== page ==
Proposed DACA Rule Is a Positive Step, But Not a Permanent Fix

WASHINGTON, D.C. — The Biden administration is moving forward this week with a proposed rule to re-create Deferred Action for Childhood Arrivals (DACA) through formal “notice-and-comment” rulemaking.    

The new DACA largely would resemble the original in terms of eligibility requirements. However, the use of the formal rulemaking process is intended to address concerns about DACA’s creation in 2012, raised by ongoing legal challenges to the program.   

In the absence of permanent legislation, the new DACA rule could still be halted by the federal courts, or be reversed by a future presidential administration, as former President Trump unsuccessfully attempted when he was in office. Even with the issuance of the proposed rule, much remains uncertain, even for current DACA recipients.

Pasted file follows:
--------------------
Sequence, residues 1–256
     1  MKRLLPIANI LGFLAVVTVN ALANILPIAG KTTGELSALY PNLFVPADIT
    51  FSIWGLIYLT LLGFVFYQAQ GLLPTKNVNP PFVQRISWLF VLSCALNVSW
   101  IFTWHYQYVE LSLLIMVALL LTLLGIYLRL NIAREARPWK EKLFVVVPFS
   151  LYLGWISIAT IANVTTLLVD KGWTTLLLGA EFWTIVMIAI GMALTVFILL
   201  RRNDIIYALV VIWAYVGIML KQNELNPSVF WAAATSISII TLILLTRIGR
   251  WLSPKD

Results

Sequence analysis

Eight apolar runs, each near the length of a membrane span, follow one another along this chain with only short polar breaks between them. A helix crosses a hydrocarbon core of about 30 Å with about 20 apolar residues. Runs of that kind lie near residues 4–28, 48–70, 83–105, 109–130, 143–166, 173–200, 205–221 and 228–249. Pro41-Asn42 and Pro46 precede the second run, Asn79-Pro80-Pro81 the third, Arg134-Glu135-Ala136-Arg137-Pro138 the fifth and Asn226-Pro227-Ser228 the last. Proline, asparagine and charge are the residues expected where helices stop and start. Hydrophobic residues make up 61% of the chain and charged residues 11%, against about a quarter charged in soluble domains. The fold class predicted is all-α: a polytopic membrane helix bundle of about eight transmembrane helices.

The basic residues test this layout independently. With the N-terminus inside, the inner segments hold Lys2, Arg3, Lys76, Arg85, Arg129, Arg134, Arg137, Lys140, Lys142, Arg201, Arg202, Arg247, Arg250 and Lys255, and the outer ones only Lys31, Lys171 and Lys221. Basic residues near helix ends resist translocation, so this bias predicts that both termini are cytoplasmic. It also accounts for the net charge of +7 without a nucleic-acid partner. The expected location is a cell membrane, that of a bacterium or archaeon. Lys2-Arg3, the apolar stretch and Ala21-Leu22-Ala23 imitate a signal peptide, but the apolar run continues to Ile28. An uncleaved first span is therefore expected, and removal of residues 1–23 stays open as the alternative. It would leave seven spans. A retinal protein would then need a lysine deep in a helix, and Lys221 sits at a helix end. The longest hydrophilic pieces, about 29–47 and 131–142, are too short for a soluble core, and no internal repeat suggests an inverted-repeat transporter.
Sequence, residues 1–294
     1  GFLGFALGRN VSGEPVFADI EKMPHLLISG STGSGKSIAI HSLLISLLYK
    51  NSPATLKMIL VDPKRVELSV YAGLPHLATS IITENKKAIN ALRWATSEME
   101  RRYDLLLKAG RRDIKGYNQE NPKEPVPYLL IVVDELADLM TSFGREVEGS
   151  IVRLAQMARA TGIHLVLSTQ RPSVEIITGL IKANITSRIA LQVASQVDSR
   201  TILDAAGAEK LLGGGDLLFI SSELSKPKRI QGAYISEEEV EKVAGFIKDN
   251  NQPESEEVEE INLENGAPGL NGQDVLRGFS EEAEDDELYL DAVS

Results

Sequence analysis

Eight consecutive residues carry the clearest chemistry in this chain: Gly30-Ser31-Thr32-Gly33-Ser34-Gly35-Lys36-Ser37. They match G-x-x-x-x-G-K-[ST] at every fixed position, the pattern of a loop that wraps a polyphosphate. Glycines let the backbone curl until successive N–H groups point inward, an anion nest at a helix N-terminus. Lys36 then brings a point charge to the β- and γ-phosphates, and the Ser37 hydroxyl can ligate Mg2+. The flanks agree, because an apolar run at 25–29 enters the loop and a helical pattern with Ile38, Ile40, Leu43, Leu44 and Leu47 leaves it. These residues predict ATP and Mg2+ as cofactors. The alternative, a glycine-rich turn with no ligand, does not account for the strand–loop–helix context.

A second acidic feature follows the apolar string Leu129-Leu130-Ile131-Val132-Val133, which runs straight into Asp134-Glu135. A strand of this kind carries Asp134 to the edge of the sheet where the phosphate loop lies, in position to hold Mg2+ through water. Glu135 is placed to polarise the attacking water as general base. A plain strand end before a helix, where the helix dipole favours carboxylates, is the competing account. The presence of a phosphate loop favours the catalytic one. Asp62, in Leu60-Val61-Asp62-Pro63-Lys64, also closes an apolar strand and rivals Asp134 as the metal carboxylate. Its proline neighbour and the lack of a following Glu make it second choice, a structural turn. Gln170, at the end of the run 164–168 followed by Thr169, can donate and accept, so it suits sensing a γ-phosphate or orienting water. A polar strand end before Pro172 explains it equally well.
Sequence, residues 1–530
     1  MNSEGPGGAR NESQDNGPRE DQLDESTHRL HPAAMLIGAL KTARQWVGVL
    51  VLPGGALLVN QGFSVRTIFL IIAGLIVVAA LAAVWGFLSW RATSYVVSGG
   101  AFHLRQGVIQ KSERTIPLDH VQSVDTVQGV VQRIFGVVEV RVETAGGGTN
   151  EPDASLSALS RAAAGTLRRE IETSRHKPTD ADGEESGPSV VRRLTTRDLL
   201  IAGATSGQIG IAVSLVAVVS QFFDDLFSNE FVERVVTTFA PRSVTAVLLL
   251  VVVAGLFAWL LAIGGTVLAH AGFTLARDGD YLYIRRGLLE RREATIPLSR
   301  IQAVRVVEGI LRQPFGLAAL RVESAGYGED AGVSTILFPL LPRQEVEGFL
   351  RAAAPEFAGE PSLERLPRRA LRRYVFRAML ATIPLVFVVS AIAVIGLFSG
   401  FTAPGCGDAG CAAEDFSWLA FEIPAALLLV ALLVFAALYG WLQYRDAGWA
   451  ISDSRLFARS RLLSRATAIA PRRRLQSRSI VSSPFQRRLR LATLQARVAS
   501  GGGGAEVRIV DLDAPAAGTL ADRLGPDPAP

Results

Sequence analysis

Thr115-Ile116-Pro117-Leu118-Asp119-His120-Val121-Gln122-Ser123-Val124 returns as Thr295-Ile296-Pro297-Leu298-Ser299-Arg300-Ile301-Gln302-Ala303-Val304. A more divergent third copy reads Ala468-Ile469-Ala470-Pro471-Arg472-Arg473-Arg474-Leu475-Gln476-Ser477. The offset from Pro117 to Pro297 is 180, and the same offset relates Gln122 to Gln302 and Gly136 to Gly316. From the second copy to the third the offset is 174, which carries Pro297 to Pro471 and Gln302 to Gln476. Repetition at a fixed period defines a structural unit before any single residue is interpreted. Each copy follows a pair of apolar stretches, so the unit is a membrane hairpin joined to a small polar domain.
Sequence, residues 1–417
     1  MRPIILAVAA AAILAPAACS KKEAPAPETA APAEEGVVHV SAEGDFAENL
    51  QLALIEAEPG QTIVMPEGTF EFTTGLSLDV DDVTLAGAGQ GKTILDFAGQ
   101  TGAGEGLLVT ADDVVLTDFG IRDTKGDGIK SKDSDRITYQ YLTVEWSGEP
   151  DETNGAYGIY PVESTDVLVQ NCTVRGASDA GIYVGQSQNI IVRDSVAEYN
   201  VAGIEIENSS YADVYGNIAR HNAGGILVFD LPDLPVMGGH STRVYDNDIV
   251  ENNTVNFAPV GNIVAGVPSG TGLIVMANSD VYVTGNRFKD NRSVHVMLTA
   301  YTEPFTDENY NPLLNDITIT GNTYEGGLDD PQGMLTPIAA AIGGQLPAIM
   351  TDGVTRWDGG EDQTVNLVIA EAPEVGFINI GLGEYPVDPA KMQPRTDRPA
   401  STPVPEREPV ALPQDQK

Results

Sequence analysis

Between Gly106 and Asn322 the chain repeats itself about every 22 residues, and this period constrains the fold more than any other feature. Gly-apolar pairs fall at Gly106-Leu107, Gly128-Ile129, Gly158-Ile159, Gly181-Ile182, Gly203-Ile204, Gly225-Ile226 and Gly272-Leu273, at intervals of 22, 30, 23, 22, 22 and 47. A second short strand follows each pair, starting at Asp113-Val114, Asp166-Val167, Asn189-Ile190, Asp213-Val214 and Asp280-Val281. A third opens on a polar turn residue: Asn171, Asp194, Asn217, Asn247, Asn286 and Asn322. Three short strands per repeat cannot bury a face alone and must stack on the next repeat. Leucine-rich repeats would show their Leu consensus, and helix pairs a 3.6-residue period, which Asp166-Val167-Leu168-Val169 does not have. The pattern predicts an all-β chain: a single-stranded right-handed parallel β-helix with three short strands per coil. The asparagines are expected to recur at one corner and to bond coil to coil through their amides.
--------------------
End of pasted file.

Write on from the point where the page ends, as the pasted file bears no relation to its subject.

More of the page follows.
The proposed rule will enter a 60-day public comment period before going into effect.  

“It’s good to see the administration recognize how critical DACA recipients are to our nation and take action to bolster protections for them,” said Ali Noorani, President and CEO of the National Immigration Forum. “A more formalized version of DACA will stabilize the lives of DACA-eligible Dreamers  but legislative action is still needed to fully solidify DACA recipients’ contributions, expand protections to other Dreamers and build a pathway to permanent legal status.  

“Formalizing DACA is a positive step, but it’s not a permanent fix. This development is yet another reminder that Congress must act.” 

 

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